Theron Brown Trio
Cleveland Public Library
Cleveland, Ohio
August 6, 2022

Six days later, the third-floor Renaissance-style lobby of the 1925 Cleveland Public Library provided a setting that was both cooler and more formal for pianist Theron Brown and his longstanding trio of bassist Jordan McBride and drummer Zaire Darden.

Brown, who was just assumed a professorship at the University of Akron, is a born educator and a beguiling host. On piano, he's squarely in the post-bop mainstream, but brings a sparkling lightness of touch and uncommon clarity to his dancing lines. His pianism looks backward and forward simultaneously. That was appropriate since the Library's Baldwin baby grand piano was placed under a mural promoting an upcoming exhibition devoted to Langston Hughes that had the great poet's giant visage looking over the pianist's shoulder.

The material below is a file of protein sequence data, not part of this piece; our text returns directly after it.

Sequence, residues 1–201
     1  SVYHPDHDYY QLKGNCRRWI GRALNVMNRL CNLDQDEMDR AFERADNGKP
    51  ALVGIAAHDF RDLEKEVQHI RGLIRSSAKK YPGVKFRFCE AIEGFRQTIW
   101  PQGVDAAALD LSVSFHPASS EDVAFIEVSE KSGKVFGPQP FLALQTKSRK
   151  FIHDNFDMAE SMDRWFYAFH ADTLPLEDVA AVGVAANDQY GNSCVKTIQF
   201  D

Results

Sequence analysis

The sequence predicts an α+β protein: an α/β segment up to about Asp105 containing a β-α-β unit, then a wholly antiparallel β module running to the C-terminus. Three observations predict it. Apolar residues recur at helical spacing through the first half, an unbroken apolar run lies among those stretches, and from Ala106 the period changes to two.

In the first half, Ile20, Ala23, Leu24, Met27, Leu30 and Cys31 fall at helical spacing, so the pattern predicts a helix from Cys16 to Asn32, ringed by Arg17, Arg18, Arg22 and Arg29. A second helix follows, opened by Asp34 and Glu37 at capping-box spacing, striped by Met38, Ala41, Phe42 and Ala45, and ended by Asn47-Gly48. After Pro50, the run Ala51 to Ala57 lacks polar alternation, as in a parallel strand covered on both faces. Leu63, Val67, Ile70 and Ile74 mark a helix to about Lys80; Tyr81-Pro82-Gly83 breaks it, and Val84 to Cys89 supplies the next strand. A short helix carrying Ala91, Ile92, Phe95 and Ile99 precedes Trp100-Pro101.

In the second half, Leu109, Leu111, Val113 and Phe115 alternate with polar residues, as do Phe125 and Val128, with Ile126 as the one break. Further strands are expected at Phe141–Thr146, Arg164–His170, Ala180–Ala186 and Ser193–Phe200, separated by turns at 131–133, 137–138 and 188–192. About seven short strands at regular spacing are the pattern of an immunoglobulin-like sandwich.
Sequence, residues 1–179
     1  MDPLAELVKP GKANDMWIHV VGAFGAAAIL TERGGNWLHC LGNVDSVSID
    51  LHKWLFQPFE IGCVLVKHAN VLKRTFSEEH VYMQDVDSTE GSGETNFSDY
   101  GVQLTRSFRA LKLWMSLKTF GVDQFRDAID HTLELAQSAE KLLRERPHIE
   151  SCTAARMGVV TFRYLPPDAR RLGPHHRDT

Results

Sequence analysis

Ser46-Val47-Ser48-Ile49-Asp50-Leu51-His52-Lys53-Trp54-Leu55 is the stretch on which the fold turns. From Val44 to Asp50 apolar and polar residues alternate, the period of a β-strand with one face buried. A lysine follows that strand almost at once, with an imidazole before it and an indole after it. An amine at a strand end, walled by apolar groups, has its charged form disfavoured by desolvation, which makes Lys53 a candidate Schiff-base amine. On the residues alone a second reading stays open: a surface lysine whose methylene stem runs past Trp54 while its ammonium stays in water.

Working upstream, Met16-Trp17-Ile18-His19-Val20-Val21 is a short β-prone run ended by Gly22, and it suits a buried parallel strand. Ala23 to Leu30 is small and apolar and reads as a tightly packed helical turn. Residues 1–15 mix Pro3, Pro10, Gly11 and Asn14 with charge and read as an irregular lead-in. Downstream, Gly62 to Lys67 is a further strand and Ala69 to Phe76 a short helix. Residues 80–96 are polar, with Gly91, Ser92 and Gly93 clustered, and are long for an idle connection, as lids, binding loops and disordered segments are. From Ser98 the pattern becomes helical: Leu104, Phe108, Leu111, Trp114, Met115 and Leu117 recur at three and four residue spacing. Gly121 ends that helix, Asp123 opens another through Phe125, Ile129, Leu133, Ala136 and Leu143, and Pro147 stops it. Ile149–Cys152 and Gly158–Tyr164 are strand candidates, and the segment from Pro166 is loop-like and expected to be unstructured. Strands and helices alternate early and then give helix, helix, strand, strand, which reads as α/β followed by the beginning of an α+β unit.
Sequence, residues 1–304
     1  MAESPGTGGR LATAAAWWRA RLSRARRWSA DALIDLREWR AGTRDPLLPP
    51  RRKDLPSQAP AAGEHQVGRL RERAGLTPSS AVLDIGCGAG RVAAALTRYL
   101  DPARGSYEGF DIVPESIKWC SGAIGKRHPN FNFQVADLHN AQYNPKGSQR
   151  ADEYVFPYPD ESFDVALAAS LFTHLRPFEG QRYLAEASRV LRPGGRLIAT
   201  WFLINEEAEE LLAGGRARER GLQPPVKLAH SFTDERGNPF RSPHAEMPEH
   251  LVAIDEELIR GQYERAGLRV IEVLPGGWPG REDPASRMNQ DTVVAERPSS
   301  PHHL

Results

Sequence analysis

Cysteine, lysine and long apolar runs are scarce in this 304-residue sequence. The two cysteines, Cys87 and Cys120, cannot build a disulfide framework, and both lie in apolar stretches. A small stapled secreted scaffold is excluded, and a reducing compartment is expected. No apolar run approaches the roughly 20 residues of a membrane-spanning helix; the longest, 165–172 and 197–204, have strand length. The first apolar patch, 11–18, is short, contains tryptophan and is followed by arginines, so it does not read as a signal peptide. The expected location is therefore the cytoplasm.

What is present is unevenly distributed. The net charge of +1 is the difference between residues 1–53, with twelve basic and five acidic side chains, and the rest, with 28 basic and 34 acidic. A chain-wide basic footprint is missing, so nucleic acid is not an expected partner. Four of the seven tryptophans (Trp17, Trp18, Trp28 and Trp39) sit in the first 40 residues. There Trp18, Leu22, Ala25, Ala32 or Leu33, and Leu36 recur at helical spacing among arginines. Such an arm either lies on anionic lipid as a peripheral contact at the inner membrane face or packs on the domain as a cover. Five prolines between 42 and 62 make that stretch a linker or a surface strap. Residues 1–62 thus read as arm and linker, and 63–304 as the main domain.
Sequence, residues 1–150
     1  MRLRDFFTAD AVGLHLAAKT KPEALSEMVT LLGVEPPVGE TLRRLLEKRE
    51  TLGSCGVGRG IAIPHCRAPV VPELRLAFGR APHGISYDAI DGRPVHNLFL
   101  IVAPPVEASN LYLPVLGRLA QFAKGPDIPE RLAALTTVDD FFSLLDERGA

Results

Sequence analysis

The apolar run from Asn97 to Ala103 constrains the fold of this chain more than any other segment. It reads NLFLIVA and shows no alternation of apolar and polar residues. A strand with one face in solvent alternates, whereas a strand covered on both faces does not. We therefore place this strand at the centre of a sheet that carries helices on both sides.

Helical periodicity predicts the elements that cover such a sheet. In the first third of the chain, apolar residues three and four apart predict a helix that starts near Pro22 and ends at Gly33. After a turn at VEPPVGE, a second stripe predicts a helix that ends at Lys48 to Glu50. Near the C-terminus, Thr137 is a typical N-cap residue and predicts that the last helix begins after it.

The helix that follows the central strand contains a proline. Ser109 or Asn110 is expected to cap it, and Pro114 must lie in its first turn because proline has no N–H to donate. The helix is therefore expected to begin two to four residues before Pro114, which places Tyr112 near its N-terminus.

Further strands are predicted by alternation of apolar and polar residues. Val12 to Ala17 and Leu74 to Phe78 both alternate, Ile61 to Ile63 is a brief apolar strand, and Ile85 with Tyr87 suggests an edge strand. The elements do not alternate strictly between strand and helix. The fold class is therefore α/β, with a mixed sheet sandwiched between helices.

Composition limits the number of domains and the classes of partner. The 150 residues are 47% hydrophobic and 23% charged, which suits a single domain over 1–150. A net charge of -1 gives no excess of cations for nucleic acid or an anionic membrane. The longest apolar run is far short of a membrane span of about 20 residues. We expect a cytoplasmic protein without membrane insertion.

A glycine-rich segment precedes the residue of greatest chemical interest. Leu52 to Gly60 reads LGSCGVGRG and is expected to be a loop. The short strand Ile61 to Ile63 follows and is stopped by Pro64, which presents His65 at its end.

Ellis Marsalis' "Swinging At The Haven," first up, was proof of concept, bouncing effortlessly along in the reverberant, marble-clad space.

Brown played Herbie Hancock in the 2016 Don Cheadle biopic, Miles Ahead, and the resemblance to the master is more than physical. His reading of "Cantaloupe Island" touched all the right Herbian bases: rippling right-hand lines punctuated by lush chord voicings, a funky bottom and blues colorations.

"I'll Take Romance" is a great old tune that nobody plays anymore and that's a shame. Brown clearly loves it and gave it the old-school treatment with a florid, rubato unaccompanied intro before shifting to a mid-waltz tempo that culminated in an extended tag on two-chord vamp. That seemed to awaken the inner Elvin Jones in Darden, who had heretofore modulated his playing in the very ringy space.